By LIZ BUTTON
Operations at Rye Golf Club’s pool once again entered a state of flux during the pool season’s final weeks when the city handed facilities manager Gary Galante a disciplinary letter that led to his absence from the club over the final days in August and the first days of September. But when contacted, Galante said that he would be returning to work on Wednesday, Sept. 4.
City officials, however, are not commenting publicly as to the reasoning behind the reprimand.
Galante has, among other maintenance responsibilities at the club, overseen the club’s pool for the last few seasons, but the degree of his pool responsibilities waffled back and forth this year.
With the roster of those in charge changing from the beginning of pool season on Memorial Day weekend, to its end the weekend after Labor Day, some members have called the changes a reflection of the instability of the city-owned club.
The first echoes of instability began when the city got wind of a possible financial scandal in October of last year and hired a private firm to investigate.
New York City-based firm Brune & Richard filed a report Feb. 27 revealing six years of financial fraud allegedly perpetrated by former club manager Scott Yandrasevich who, according to the report, created shell staffing companies that, unchecked, succeeded in funneling hundreds of thousands of dollars of members’ money into his own pockets. Final tallies of what was allegedly stolen over that span have yet to be determined. During the period when Galante was not reporting to work, City Manager Scott Pickup said there were staff members on site to help with the pool chemicals and take over Galante’s normal duties on the grounds.
According to City Attorney Kristen Wilson, a meeting was held Tuesday, Aug. 27, between Galante and Pickup in which Galante was given the letter. That meeting was followed by a hearing before city officials on Thursday, Aug. 29. initiated by Galante’s union rep.
“[Galante] must have challenged it Tuesday or Wednesday, so it was a quick turnaround,” Wilson said.
Mayor Douglas French, a Republican, said the city served Galante with a disciplinary action, but would not say whether a suspension took place.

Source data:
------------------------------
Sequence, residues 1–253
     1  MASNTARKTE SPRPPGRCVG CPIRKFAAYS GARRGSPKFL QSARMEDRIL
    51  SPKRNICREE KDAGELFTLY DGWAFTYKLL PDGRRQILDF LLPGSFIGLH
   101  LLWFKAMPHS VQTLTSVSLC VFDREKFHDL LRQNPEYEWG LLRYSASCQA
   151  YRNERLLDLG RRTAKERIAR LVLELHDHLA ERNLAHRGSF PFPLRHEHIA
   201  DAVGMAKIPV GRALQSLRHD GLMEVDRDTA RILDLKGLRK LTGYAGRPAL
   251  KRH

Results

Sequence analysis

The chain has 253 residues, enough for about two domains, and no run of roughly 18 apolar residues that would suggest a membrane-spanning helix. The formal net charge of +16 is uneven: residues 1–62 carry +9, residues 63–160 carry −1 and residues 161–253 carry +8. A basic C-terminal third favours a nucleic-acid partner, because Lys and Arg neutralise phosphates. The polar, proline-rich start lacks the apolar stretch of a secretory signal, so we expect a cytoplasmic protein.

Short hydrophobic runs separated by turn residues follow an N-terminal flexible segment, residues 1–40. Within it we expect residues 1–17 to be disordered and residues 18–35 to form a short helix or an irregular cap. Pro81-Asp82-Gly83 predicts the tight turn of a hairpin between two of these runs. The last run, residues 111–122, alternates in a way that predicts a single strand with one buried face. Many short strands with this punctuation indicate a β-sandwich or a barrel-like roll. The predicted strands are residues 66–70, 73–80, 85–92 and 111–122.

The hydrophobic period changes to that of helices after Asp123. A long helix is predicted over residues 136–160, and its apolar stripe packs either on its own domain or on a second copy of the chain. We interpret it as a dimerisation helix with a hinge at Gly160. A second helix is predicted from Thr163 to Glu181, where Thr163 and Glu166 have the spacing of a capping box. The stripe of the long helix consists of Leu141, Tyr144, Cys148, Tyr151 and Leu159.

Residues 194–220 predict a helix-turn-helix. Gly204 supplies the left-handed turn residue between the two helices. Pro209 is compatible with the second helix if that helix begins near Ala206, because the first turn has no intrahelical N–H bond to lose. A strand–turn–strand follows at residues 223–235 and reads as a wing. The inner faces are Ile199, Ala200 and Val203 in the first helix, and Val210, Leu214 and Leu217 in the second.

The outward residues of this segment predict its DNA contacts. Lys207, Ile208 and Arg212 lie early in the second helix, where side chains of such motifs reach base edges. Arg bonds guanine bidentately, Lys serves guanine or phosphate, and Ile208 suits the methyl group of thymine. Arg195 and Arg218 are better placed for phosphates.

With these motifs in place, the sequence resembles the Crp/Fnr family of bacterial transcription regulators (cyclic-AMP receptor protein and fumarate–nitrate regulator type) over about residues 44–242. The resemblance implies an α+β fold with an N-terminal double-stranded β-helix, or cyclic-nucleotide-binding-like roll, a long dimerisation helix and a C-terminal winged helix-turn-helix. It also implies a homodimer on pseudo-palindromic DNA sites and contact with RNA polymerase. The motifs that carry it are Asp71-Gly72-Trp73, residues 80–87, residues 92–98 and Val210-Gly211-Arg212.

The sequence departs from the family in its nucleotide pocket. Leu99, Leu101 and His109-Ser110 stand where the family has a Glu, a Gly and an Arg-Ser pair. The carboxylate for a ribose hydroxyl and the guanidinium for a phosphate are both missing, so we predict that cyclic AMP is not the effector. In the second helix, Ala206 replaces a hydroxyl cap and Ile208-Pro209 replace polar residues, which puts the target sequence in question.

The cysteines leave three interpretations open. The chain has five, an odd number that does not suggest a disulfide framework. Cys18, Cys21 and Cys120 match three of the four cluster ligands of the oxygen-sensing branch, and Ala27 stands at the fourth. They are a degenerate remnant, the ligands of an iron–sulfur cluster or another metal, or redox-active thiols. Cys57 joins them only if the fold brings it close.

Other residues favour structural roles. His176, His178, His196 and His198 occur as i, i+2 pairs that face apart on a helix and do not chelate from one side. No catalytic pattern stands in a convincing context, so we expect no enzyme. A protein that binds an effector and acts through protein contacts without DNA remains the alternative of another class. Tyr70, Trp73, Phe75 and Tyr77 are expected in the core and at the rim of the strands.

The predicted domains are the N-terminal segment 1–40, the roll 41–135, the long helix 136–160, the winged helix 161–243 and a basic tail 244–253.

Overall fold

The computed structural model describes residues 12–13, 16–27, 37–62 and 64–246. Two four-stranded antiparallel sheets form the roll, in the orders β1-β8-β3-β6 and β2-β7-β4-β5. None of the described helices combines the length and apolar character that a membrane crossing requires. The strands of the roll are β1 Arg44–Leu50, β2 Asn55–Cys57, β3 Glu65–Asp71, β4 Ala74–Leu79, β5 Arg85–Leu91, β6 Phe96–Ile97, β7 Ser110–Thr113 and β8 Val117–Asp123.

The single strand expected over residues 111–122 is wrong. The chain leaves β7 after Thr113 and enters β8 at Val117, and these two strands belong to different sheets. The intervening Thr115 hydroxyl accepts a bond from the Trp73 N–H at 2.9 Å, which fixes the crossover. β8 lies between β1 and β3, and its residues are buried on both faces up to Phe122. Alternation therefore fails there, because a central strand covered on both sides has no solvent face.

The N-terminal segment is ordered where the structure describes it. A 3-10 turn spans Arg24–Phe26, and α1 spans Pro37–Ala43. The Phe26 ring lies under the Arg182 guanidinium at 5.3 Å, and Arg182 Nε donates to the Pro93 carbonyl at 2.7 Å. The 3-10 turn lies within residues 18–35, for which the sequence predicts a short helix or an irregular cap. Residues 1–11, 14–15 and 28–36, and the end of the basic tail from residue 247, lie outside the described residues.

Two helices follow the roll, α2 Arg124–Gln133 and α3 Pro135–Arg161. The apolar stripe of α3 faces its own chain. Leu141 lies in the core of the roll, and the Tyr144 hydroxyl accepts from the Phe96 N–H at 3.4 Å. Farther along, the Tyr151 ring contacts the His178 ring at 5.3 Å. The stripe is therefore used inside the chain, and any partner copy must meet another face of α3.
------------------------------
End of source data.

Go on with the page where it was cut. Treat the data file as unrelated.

Golf commissioners were told by city officials there was a civil service action pending that had been brought forward by Galante’s union, the Civil Service Employees Association, to challenge the city over its decision to reprimand the employee, according to golf commissioner Pat Geoghegan.
Regarding whether the city’s letter was a suspension or discliplinary letter, Wilson said, “The best word to use is ‘disciplined.’ He was not suspended from the property or from going to work or doing his daily job duties.”
Pickup added the issue is difficult to discuss in public because it involves privileged information relating to personnel, and is especially sensitive because Galante is a unionized employee. The city manager would not elaborate further as to whether Galante was suspended, and would not say what the disciplinary letter was for.
But according to golf club comissioner Angela Sposato, at an executive session after the Aug. 28 Rye Golf Club Commission meeting, the city manager told golf commissioners that Galante had been suspended for not showing up to work one day after receiving a performance document. Galante has 15 days to grieve the letter to his union, Pickup said.
Councilman Joe Sack, a Republican, said he did not believe the city’s decison to serve Galante with a disciplinary letter reflects positively on the city manager.
“Quite frankly, the timing was awfully poor given the fact that Mr. Galante had just registered his concern with the way things were being run at the pool,” he said.
Pickup said recent comments Galante made about problems with the pool operation were unrelated to any disciplinary action.
The erratic pool season at Rye Golf Club began in May, well before Galante was served with the discplinary notice, when Pickup and the commissioners contracted with pool company American Leisure for $169,413 to hire a certified pool operator and seven to eight lifeguards from American Leisure.
At the same time, Pickup tasked Galante with general oversight of American Leisure’s activities, from the CPO to the lifeguards.
According to club members and commissioners, the company, which was contracted to handle lifeguards, chlorine and filtration as well as other environmental issues, provided terrible service.
Complaints regarding poor maintenance of filtration and chlorine and an insufficient number of lifeguards led Pickup to fire American Leisure’s CPO in July.
At the commission’s July 24 meeting, Galante listed the company’s offenses, which included consistently failing to provide the number of lifeguards the city contracted for. That night, Galante announced that the city was in talks with a new company‑United Fitness, Sports, and Pools‑to take over the entire pool operation.
On July 29, the new company was hired for $77,653.
That weekend, American Leisure was fired and Galante reinstated as de facto CPO. The second company will finished out the season the weekend after Labor Day.